The Lincoln Zephyr Returns
by Dan Lienert
Following its mini-Renaissance in the 1990s, which produced such well-received vehicles as the LS sedan and Navigator sport-utility vehicle (SUV), Lincoln has been floating in limbo and awaiting new vehicles that will rejuvenate the premium American automaker.
One of the most important new models coming for Lincoln, which is owned by Ford Motor, is the 2006 Zephyr sedan, a revival of a successful Lincoln nameplate of the 1930s. The mid-size Zephyr will go on sale sometime next year.
The Zephyr's development and engineering has been an example of how an automaker can save money by sharing resources between its brands. The Zephyr rides on the same mechanical underpinnings as the Mazda6 sedan by Mazda, another Ford brand. Ford will also use the so-called "Mazda6 platform" as the basis for two other forthcoming sedans, the Ford Fusion and Mercury Milan. Other new models will use the platform as well: a forthcoming Ford SUV, the next-generation Lincoln Aviator SUV and overhauled versions of the Ford Freestar and Mercury Monterey vans.
The Zephyr will help spearhead a team of new Lincoln vehicles. In a statement released on Nov. 30, Lincoln said that it will introduce five new models in four years, including the Zephyr. In February, Lincoln will introduce its first Super Bowl advertisement in over a decade: a spot promoting the company's new Mark LT pickup.
Although Lincoln needs new cars, its current lineup is financially successful despite being small. The company currently offers only the Navigator, the Aviator, the LS and the Town Car sedan, but the Navigator and Town Car make more money than pretty much any other Ford vehicles. Those two cars cost only a bit more to make than ordinary Ford models, but command premium prices and thus healthy revenue.
Lincoln has not yet announced pricing for the Zephyr, but the company did offer a preview of the vehicle with a prototype of the same name, which it introduced at April's New York International Auto Show. That version of the five-passenger sedan featured such design cues as a steeply-raked windshield and wide, 12-spoke, 19-inch alloy wheels.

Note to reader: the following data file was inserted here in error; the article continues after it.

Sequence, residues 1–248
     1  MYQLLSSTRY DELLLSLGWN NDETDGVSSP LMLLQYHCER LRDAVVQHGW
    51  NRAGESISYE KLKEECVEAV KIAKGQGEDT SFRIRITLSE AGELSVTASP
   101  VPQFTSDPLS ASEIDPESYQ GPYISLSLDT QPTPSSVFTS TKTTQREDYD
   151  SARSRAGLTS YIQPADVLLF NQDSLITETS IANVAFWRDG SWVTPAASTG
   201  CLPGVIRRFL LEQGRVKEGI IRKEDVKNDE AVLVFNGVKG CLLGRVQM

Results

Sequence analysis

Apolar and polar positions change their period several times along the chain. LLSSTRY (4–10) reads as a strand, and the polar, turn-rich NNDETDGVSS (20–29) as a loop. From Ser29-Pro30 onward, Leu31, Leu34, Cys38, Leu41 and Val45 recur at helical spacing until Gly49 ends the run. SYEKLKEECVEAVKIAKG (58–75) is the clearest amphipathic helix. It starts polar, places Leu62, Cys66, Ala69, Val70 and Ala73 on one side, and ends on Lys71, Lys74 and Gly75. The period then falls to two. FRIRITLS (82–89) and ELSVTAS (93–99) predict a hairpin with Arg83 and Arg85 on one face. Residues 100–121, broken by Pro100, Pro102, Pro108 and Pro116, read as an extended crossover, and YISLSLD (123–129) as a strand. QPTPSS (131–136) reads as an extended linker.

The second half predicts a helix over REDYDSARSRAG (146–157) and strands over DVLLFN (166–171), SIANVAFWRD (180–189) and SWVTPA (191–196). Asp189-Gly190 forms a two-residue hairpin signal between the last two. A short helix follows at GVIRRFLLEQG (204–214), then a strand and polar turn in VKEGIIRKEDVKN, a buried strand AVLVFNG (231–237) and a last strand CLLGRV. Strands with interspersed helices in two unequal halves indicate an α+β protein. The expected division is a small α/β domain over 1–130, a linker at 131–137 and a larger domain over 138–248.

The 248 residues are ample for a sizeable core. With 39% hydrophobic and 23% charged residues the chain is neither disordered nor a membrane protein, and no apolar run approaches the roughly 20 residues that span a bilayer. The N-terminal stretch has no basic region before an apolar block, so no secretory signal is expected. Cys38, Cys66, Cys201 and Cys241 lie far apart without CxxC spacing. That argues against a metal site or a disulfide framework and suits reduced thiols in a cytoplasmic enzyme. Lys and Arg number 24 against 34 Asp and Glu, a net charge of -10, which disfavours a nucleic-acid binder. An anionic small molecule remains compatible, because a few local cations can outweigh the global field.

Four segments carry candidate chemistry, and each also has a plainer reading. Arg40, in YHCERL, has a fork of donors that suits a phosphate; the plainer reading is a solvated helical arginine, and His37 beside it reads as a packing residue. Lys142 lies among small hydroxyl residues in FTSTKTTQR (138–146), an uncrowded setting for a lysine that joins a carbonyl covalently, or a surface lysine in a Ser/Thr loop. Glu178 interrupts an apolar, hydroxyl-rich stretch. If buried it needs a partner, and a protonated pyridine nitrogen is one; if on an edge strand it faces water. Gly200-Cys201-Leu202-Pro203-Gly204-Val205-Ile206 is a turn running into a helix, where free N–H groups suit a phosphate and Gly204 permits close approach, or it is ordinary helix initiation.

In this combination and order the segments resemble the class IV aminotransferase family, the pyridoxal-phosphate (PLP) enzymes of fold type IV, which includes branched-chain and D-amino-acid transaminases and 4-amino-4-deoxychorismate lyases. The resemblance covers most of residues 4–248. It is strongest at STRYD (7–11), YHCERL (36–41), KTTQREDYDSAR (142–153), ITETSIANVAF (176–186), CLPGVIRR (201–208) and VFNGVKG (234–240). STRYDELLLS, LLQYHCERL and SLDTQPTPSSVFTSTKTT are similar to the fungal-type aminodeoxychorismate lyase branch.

At the time, Lincoln said in a statement that the public can expect the production version of the Zephyr to feature the same sort of interior amenities as the prototype, whose interior used such materials as aluminum, chrome (on all buttons and knobs), leather and wood. It also featured premium audio and navigation systems.
While Lincoln hopes that the vehicle's upscale look and feel will be enough to challenge other premium, midsize sedans, the company is also expecting the Zephyr to make a statement in terms of performance. The car will be the lightest Lincoln, and although its standard front-wheel drive layout is not as sporty as a rear-drive configuration would be, Lincoln will expand the Zephyr's performance capabilities with optional all-wheel drive. The prototype used a 3.0-liter V-6 engine with a premium, six-speed transmission.
Fellow Ford brands Lincoln and Mercury have been closely associated for decades, but the association has changed. According to The Beaulieu Encyclopedia of the Automobile, "In the 1950s and 1960s the Mercury was definitely a 'junior Lincoln' rather than a 'senior Ford,' but from the mid-1970s onwards the Mercury range came closer to Ford's." In fact, Mercury named a forgettable version of Ford's Fairmont the "Zephyr" in 1978.